Beth practices administrative law and civil litigation in the areas of equality rights, professional regulation, labour and employment law and human rights. Beth is a graduate of the Faculty of Law at Queen’s University and was called to the Bar of Ontario in 1978.
In 1988, Beth was appointed as the first Chair of the Pay Equity Hearings Tribunal. She was a member of the Board of Directors of the Canadian Council of Administrative Tribunals (CCAT), was a founder of the Conference of Ontario Boards and Agencies (COBA) and is a founding member of the Society of Ontario Adjudicators and Regulators (SOAR).
She is one of the founding members of the Women’s Legal Education and Action Fund (LEAF) and served on its National Legal Committee.
Beth co-authored Women and Legal Action and Juggling: Women, Work and Parenting and has written numerous articles on administrative law and equality issues.
Beth is currently the President of the Canadian Institute for the Administration of Justice.
Beth was awarded the Law Society of Upper Canada Medal in 1996 and was the Gordon F. Henderson Lecturer in Human Rights in 2003.
She is a Bencher of the Law Society of Upper Canada and is the Vice Chair of the Proceedings Authorization Committee and Co-Chair of the Return to Practice Working Group.
Beth is one of the Founders of the Feminist History Society.
She is also a member of the Advisory Committee of Queen’s Centre for Law in the Contemporary Workplace and is the Co-Chair of the conference: Shades of Grey: Law and Aging in the Contemporary Workplace.
As counsel, she has represented individuals and organizations before all levels of courts asserting Charter claims. She represented CARAL in its intervention before the Supreme Court of Canada in G v. Winnipeg Child and Family Services, which involved the medical incarceration of a pregnant aboriginal woman who was sniffing solvents, and in Dobson v. Dobson, a New Brunswick case where a child was suing his mother for injuries he suffered as a foetus as a result of her negligence. She was co-counsel in MARC’s intervention in R. v. Conway, involving an inmate who objected to female correctional officers.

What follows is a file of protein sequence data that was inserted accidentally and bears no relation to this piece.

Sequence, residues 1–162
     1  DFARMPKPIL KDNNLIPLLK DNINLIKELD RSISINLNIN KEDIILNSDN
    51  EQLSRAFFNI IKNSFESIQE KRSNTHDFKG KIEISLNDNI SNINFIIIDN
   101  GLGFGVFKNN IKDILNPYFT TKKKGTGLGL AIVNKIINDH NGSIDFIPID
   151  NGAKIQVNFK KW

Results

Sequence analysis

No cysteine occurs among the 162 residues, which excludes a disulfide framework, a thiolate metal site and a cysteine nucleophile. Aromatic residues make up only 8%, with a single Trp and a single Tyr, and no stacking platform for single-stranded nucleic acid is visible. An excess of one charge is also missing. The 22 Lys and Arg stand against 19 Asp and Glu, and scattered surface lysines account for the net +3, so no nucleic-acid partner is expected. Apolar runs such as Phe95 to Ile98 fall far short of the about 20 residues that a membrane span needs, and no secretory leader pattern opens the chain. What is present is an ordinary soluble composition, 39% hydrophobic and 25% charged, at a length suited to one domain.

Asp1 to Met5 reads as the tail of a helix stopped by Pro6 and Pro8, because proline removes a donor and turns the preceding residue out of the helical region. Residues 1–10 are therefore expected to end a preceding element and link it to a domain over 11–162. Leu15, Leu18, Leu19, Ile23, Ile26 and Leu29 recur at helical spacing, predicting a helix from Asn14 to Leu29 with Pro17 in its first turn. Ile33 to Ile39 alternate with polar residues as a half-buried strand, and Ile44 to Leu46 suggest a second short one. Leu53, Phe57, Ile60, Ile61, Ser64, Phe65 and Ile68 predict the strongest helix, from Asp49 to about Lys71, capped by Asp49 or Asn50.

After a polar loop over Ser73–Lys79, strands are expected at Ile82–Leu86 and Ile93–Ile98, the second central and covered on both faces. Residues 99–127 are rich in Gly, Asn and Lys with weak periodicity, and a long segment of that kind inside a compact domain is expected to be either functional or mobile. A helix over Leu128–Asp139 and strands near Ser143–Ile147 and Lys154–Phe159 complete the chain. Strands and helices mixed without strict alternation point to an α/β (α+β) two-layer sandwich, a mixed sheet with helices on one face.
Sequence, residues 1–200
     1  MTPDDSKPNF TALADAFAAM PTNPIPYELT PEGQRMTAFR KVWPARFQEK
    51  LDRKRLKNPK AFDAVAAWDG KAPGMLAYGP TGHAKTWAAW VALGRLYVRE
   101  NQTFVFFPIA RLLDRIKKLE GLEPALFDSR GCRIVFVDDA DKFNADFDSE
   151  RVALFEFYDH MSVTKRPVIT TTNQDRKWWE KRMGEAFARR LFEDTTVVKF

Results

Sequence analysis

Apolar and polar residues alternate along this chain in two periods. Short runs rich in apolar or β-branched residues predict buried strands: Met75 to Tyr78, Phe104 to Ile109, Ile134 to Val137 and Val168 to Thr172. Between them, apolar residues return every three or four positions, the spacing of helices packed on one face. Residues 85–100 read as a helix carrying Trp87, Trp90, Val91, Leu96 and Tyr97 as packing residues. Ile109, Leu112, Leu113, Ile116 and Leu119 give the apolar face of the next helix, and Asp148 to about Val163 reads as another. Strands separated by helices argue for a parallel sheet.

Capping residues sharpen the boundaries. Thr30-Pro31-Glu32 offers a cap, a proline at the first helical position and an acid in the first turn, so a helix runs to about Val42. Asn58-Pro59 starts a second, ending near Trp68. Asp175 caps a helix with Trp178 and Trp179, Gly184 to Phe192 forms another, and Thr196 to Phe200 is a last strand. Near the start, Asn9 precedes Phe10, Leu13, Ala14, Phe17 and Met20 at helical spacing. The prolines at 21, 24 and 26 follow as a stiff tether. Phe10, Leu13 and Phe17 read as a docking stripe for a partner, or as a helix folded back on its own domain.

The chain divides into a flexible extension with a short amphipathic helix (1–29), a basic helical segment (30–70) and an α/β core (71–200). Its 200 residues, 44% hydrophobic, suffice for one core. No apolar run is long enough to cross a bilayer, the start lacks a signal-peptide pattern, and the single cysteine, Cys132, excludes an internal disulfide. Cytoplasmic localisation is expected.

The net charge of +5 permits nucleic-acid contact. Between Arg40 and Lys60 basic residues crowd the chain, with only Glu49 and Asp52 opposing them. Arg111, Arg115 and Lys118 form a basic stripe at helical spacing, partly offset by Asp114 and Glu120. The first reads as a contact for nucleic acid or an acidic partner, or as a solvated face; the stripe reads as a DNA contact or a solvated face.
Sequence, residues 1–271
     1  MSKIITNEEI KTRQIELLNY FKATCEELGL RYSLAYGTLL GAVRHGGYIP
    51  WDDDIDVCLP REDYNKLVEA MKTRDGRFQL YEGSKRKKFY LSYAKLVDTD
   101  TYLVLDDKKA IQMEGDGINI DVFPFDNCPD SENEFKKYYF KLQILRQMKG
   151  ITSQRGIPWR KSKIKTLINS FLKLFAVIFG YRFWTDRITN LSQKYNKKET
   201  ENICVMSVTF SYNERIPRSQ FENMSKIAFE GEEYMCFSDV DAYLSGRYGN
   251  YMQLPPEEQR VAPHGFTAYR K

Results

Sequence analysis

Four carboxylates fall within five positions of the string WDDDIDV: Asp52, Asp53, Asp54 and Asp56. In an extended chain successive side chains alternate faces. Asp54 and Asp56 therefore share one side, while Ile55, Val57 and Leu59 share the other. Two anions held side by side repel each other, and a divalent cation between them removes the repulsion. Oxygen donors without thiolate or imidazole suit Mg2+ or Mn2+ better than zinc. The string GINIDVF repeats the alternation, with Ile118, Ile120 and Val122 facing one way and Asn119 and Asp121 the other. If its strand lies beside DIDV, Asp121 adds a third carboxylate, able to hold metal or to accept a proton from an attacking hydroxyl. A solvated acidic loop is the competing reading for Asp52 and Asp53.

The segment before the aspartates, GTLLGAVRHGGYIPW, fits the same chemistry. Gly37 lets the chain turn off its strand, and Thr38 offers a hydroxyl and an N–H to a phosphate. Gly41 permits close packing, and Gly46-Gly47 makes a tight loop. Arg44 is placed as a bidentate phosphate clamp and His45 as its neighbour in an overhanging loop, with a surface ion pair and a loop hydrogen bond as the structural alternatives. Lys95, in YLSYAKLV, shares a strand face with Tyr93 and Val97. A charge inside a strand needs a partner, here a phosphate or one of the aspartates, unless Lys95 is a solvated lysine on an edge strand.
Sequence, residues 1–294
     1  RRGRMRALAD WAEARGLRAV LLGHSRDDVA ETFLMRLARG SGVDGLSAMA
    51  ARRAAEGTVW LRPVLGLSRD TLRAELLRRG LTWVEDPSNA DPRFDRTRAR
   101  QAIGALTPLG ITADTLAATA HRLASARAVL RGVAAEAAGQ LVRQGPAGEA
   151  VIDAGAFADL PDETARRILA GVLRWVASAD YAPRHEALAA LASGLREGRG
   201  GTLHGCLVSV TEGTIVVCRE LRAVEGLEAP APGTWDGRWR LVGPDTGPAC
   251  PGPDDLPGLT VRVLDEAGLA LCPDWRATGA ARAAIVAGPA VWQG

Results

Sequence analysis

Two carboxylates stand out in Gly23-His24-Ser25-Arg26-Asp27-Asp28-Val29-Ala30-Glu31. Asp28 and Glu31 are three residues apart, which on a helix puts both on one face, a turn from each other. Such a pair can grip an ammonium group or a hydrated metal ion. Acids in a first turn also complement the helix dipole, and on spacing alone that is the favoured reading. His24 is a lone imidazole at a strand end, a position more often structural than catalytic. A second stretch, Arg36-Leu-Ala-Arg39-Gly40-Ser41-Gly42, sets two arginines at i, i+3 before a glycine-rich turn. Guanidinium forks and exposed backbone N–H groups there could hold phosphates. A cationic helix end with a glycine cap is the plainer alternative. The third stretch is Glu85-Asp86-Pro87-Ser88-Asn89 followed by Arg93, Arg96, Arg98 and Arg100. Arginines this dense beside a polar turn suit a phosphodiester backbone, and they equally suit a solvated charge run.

Beth represented the Medical Staff Association in the government’s attempt to shut down Women’s College Hospital. She was one of the counsel representing a number of persons who challenged the Harris government’s 21.6% cuts to social assistance.
She was counsel for the Centre for Equality Rights in Accommodation (CERA) that challenged landlords’ use of rent-to-income criteria to screen potential clients.
Beth has written and spoken extensively in the areas of administrative law, equality and employment issues. She instructed at Osgoode Hall Faculty of Law in Trial Practice, as a team leader in the Intensive Trial Advocacy Program, taught Economic Regulation in the LLM program at Osgoode and taught Constitutional Litigation for the Faculty of Law at the University of Western Ontario.
In 1985 Beth challenged Revenue Canada seeking to deduct the costs of her childcare as a business expense. Although successful at the trial level, in 1993 the Supreme Court of Canada split on gender lines, and refused her the deduction saying that the distinction between those who incur child care expenses and those who do not is not a distinction on the basis of sex.
On December 30, 2010, Beth was named a Member of the Order of Canada for her contributions as a champion of women’s rights in the legal profession.
Beth has been voted one of The Top 25 Most Influential in the justice system and legal profession in Canada in Canadian Lawyer’s 2nd Annual list in August 2011 for her above noted contributions as well.
In August, 2011, Beth was recognized as one of Canada’s Top 25 Women of Influence for her successful achievements and contribution to Canadian and global economies as well as to her communities by Women of Influence Magazine.
Beth kayaks and snow shoes on Georgian Bay.